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Quakers offer monetary reparations to Alaska Native community after apology

The Quakers, a religious group also known as the Friends, have donated nearly $93,000 to the Alaska Native community of Kake as a gesture of reparations for the harms caused by their colonial influence in the past. The donation follows an official apology that the Quakers issued in October 2022 for their role in running boarding schools that forcibly assimilated and abused Indigenous children.

Quakers acknowledge their historical wrongs

The Quakers, who have a long history of social activism and pacifism, have been working on reconciling with the Alaska Native people for several years. In 2022, they formed a Truth and Reconciliation Committee to research and document the impacts of their missionary work in Alaska, especially the boarding schools that they operated from the late 19th century to the mid-20th century.

The committee found that the Quakers were complicit in the federal government’s policy of erasing the culture, language, and identity of the Indigenous people. The boarding schools subjected the children to physical, emotional, and sexual abuse, and many of them died or disappeared. The committee also learned that the Quakers had a negative influence on the governance, economy, and environment of the Alaska Native communities.

Based on these findings, the Quakers issued a formal apology to the Alaska Native people in October 2022, during the Alaska Federation of Natives convention in Juneau. The apology acknowledged the Quakers’ responsibility for the harm and trauma they inflicted, and expressed their commitment to support the healing and restoration of the Indigenous people.

Quakers offer monetary reparations to Alaska Native community after apology

Quakers make reparations to the Kake community

One of the places where the Quakers had a significant presence was Kake, a village of about 600 people in Southeast Alaska. The Quakers built a mission in Kake in the 1890s, before the federal government handed the Quaker building over to the Bureau of Indian Affairs in 1915. The building became a boarding school, where many children from Kake and other villages were sent to be educated and assimilated.

The Quakers decided to make reparations to the Kake community as a way of showing their sincerity and remorse. They raised nearly $93,000 from Quakers in Alaska, Washington, and Oregon, with the goal of helping to repair the damage from their colonial influence. The money was presented to the Kake Tribal Corporation on January 19, 2024, during the Kake Day celebration, which marks the anniversary of the repulsion of Russian invaders by the Tlingit people in 1869.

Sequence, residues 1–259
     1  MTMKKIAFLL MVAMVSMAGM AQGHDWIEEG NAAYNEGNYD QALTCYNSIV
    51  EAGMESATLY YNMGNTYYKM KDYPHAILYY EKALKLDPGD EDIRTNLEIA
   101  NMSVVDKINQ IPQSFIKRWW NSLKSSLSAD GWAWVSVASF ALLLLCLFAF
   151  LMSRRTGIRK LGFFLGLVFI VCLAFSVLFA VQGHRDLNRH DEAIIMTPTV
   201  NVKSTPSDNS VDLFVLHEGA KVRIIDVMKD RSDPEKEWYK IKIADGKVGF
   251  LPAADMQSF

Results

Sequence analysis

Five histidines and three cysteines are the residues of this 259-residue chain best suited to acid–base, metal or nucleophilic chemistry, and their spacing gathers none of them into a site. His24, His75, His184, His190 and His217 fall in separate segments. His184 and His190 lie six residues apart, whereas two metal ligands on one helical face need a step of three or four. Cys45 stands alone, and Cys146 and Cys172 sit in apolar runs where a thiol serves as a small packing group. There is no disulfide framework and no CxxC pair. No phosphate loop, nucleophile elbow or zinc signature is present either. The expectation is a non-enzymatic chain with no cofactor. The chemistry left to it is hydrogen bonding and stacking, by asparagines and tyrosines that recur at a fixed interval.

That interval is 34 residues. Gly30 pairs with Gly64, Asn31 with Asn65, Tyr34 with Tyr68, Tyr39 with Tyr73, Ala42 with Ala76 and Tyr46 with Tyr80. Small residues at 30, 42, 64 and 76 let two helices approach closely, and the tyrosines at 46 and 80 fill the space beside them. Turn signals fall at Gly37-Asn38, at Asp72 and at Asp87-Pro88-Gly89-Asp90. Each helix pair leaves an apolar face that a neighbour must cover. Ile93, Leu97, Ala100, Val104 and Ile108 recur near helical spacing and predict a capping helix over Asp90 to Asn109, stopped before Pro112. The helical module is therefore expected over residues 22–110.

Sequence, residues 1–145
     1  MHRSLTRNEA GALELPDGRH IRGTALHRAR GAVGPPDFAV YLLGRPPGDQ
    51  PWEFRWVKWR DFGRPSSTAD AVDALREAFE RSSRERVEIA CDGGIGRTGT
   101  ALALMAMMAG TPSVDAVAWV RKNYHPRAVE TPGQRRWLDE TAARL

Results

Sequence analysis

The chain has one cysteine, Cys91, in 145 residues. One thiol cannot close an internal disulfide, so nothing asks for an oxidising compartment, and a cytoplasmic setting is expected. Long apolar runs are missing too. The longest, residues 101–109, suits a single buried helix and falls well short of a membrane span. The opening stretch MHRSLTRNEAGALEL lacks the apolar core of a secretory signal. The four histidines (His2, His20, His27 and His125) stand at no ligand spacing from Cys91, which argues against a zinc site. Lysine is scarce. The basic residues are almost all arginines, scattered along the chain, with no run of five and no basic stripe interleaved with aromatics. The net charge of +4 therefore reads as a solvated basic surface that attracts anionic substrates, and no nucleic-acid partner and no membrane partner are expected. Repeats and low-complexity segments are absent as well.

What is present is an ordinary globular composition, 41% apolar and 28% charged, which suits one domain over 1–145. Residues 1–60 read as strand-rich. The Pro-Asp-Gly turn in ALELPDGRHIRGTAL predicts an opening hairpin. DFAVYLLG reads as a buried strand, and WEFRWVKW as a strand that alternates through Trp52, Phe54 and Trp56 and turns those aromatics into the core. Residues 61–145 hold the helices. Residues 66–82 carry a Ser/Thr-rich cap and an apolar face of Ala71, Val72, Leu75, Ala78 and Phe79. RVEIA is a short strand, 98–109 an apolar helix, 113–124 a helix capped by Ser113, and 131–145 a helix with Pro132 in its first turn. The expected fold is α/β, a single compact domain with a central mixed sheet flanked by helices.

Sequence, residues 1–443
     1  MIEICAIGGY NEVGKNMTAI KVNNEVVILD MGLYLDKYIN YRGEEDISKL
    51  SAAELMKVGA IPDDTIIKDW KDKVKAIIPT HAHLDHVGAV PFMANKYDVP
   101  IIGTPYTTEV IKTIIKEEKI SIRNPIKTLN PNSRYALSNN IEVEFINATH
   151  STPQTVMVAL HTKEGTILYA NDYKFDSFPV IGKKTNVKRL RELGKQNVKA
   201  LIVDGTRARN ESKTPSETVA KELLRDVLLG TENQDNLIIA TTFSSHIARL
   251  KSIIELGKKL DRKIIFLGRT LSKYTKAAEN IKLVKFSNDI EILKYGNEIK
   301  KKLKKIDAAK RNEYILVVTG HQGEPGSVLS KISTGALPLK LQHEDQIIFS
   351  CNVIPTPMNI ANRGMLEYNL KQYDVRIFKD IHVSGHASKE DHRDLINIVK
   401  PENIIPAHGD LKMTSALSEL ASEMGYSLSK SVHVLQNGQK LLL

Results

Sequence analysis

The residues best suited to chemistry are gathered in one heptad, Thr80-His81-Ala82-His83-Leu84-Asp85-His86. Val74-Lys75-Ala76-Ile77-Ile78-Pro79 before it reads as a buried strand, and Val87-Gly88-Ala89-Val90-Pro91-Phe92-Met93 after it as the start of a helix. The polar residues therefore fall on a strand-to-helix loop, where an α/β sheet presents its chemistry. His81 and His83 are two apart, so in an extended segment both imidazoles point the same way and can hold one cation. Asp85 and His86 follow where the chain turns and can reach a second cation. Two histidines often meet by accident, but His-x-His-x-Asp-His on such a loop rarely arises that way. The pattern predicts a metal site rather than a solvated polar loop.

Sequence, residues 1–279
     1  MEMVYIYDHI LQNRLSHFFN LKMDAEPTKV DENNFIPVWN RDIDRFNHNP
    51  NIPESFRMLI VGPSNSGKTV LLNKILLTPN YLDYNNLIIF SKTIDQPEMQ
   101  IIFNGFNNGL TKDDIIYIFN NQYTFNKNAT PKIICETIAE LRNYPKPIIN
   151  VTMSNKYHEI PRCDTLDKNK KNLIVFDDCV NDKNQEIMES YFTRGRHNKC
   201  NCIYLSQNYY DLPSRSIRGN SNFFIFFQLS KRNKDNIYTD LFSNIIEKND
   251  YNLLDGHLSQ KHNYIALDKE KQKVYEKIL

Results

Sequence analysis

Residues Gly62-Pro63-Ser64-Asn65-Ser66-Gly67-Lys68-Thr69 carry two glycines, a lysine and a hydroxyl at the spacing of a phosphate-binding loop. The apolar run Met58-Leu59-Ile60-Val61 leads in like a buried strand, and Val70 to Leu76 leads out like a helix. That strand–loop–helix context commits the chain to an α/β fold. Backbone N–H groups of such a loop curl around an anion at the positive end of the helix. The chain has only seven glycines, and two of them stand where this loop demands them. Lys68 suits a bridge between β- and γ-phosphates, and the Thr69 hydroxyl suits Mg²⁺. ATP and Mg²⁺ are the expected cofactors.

The Kake Tribal Corporation plans to use the money to renovate the old Quaker building, which is now owned by the tribe, and turn it into a healing center. The center will provide services such as counseling, substance abuse treatment, and cultural education for the Kake community and other Alaska Native people. The center will also honor the memory of the boarding school survivors and victims, and preserve their stories and experiences.

Quakers hope to inspire other groups to take action

The Quakers hope that their apology and reparations will inspire other religious groups, institutions, and governments to take similar steps to acknowledge and address the historical and ongoing injustices against the Indigenous people. They also hope to foster a dialogue and a relationship with the Alaska Native people, based on respect, honesty, and mutual learning.

The Quakers recognize that their apology and reparations are not enough to heal the wounds of the past, and that they have a lot more to do to support the Indigenous people’s rights, sovereignty, and well-being. They are committed to continuing their work of truth and reconciliation, and to listening to the voices and needs of the Alaska Native people.

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